This guest post is by Mathew Carpenter of Sofa Moolah.
I’m an avid blog reader. My Google Reader is packed with hundreds of different blogs, each one covering a subject that I may or may not be directly involved in. There’s the work and marketing category, the finance blogs, and then the blogs that deal with subjects I really don’t know anything about, nor do I have any interaction with in my work or personal life.
Every time I scan over these blogs, I’m reminded of how I came into contact with them in the first place. It wasn’t through search, or even social media. It was because the authors of these blogs—ones that I would never have found on my own—went out of their way to pen a guest post for another blog I followed.
There’s a slight stigma attached to guest posting, at least in the field I work in. When most people see a guest post their immediate reaction turns to working out what the writer is promoting. Sure, it’s not entirely commercial—most guest posts have great content and an interesting take that you might never otherwise see—but the assumption that guest posts are commercially motivated is a pretty tough one to shake.
Part of the reason for it is that throughout the last few years, or at least up until the most recent line or Google search shake-ups, posting on other blogs was a great way to provide link diversity for your website. It was the solution of choice for SEOs and bloggers alike, with both eyeing up blogs not as sources of information or worthwhile outlets, but as link resources waiting to be exploited.
Today, I’m going to look at a different side of guest posting, one that’s completely unrelated to search engine benefits or PageRank juice. Today, we’re going to look at the brand and reputation that can be created through smart guest blogging. From building an audience for your own blog to increasing awareness of your product, here’s why you should guest blog for reputation alone.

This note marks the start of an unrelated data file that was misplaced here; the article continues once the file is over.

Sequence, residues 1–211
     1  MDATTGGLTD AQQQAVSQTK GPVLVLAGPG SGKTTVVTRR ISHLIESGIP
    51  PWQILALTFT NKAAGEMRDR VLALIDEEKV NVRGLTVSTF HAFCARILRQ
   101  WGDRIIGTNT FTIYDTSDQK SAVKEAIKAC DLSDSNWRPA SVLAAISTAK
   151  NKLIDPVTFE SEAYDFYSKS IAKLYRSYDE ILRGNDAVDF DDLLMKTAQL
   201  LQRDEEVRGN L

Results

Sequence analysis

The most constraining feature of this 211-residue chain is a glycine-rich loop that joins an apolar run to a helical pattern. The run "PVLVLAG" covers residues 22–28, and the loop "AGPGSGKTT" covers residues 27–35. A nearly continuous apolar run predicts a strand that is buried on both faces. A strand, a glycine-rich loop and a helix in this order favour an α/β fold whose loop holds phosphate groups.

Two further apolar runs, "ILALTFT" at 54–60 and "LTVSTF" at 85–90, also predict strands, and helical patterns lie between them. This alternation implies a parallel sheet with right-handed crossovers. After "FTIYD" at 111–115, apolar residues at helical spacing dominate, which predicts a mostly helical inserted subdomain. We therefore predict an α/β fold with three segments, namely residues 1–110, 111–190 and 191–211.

1.Fresh faces often become the best readers.
Amongst bloggers, there’s a belief that the longer someone continues to read your website, the more they’re worth, at least from a purely business standpoint. The idea is that by building trust with your readers, they become more likely to view your future projects as a serious possibility.
For some bloggers, this could mean more ebooks sold, more opt-in leads generated, or a greater amount of referred readers. But amongst experts in online advertising, the opposite belief is true. Online ad experts value fresh visitors significantly higher than they do returners, largely because they’re more responsive to new content, and more likely to be interested in advertising.
You don’t need to sell advertising space on your blog, nor do you need to have something to sell in order to understand the value here. Fresh faces may not have a deep level of trust with you, but they have a newness to them that can often lead to valuable action. From selling products to converting a clickthrough reader to a subscriber, gaining fresh readers from guest posting really does work.
2. Guest posting improves your search visibility.